The Hawker Typhoon – or “Tiffy” as it was affectionately known to the Royal Air Force (RAF) – was a British single-seater fighter-bomber manufactured almost exclusively by the Gloucestershire Aircraft Company.
Designed and built during the Second World War to match the performance of the formidable German Focke-Wulf Fw 190 at low altitudes, its added ability to act as a ground-attack aircraft cemented the Typhoon’s place as a wartime hero.
With only 3,317 Typhoons ever made, few have lasted, with none currently in flying condition, so in 1998, when an almost complete – but exceedingly corroded – cockpit section was found at a scrap yard in Wiltshire, volunteers vowed to restore an aircraft with a rich national and regional importance.
Local to the birthplace of the Typhoon in Gloucester, the Jet Age Museum has taken on the project, pushing forward with the work needed to make it display ready.
Key to the structure was a set of brackets, for which the originals were missing, and replacements could not be sourced anywhere.
Such was their scarcity, the museum was relying on a set of authentic 1938 drawings of the part and a borrowed set for a limited timeframe.
When traditional manufacturers failed to accurately reproduce the parts, the team turned to nearby Renishaw.
Eager to help, the global engineering company figured it could produce the unconventional brackets for the cockpit using the latest metal 3D printing technology.
“The Hawker Typhoon is an incredibly important part of Gloucester’s heritage,” explains Trevor Davies, Typhoon sponsor coordinator of the Jet Age Museum. “Our workshop containing the Typhoon cockpit is less than a mile away from where they manufactured the original aircraft in the 1930s.To bring an original Typhoon back to the city would not only be an incredible engineering achievement, but would be like recreating history.
“The unique shape of the brackets meant that although we had the original drawings, CNC machining companies weren’t confident they could produce an accurate finished part. When we heard about Renishaw’s additive manufacturing capabilities and the design flexibility the technology offers, we got in touch hoping the company could help us.”
The original drawings the Jet Age Museum have for the Typhoon date back to 1938 and all the measurements are in imperial units, while one drawing was completely missing.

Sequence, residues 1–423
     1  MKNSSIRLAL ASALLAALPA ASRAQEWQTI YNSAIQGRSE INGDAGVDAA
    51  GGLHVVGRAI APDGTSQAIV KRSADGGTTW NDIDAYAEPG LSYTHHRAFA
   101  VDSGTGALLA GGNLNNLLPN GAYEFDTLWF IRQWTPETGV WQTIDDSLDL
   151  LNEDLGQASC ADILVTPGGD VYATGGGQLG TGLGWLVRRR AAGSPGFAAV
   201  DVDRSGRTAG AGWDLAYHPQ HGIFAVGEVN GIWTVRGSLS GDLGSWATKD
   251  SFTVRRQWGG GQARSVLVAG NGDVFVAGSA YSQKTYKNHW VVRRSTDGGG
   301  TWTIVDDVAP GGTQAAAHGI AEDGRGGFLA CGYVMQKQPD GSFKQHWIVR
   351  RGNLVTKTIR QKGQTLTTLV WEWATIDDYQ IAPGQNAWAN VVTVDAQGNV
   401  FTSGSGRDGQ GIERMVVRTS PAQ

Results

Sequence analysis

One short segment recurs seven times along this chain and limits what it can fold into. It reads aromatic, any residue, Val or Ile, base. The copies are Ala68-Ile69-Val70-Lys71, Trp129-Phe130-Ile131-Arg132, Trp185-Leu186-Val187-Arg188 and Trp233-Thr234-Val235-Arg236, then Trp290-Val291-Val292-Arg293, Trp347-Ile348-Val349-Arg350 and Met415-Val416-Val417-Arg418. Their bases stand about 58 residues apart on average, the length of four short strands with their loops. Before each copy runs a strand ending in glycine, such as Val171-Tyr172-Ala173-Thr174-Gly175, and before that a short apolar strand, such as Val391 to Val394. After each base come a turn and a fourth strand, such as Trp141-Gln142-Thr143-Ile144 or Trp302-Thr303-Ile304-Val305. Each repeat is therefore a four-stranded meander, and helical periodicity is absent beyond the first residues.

“We had to estimate the dimensions from the incomplete set of original drawings – using conventional measurement tools and equipment such as a digital vernier and shadowgraph we were able to obtain most of the missing critical dimensions, while estimating non critical ones, then convert them from metric to imperial,” describes Joshua Whitmore, a development technician at Renishaw.
“The process was more time consuming, but we managed to produce prototypes after about two weeks.”
Using the original drawings and additional measurements Renishaw built 3D digital models of the Typhoon brackets using Siemens NX 7.5 to produce digital replicas of the parts.
Once the modelling stage was complete the engineers 3D printed prototype parts in plastic polycarbonate. Once delivered to the Jet Age Museum’s workshop and fitted to the cockpit the team could make sure the fit was correct, and any changes could be swiftly noted and made to the digital model.
When the engineers confirmed the parts were accurate, Renishaw proceeded to manufacture the final builds in metal.
The Gloucester Aircraft Company originally made Typhoon cockpit brackets in aluminium because of the metal’s physical properties: low weight, high strength and malleability.
Renishaw stuck to the original materials, this time producing the metal brackets from aluminium powder in four separate builds using one of its AM250 additive manufacturing machines.
Once the build was completed and the parts removed, the brackets were surface finished using a mixture of bead blasting and hand finishing techniques.
“We can’t put a price on what Renishaw has done for the Typhoon, the Jet Age Museum and the local community,” beams Davies. “We would not have been able to reproduce these brackets without additive manufacturing technology – the parts are too unconventional, a little bit like the Typhoon itself.
“By combining the old and new, Renishaw has helped keep a project started in 1998 alive and well and has brought one of Britain’s iconic fighter aircraft back home.”
Renishaw helps with a classic Hawker Typhoon restoration project